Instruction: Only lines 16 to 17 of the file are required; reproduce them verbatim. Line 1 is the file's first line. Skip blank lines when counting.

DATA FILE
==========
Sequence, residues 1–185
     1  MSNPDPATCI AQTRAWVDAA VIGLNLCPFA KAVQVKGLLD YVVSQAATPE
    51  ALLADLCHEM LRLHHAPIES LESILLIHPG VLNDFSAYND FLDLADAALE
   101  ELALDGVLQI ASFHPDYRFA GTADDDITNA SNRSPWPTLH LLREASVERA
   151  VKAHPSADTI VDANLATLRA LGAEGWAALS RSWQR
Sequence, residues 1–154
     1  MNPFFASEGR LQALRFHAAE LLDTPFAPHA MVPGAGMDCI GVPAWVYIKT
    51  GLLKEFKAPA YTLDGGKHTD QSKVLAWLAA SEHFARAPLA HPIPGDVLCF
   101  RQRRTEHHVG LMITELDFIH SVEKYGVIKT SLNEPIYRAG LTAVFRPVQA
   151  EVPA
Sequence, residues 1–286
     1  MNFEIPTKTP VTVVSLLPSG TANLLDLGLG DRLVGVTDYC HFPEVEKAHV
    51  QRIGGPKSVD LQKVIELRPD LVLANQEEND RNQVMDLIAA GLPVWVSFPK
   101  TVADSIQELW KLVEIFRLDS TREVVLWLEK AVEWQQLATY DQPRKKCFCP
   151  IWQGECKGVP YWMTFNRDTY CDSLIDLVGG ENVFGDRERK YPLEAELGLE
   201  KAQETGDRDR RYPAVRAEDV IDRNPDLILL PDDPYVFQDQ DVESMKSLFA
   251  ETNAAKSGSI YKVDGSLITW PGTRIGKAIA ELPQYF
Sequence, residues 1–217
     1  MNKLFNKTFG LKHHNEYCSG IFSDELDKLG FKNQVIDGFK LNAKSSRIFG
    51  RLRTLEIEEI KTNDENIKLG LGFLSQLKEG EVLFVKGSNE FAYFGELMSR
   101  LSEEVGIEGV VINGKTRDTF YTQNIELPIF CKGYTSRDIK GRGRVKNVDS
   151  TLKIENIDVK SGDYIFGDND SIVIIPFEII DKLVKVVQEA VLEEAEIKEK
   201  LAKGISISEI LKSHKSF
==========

   201  KAQETGDRDR RYPAVRAEDV IDRNPDLILL PDDPYVFQDQ DVESMKSLFA
   251  ETNAAKSGSI YKVDGSLITW PGTRIGKAIA ELPQYF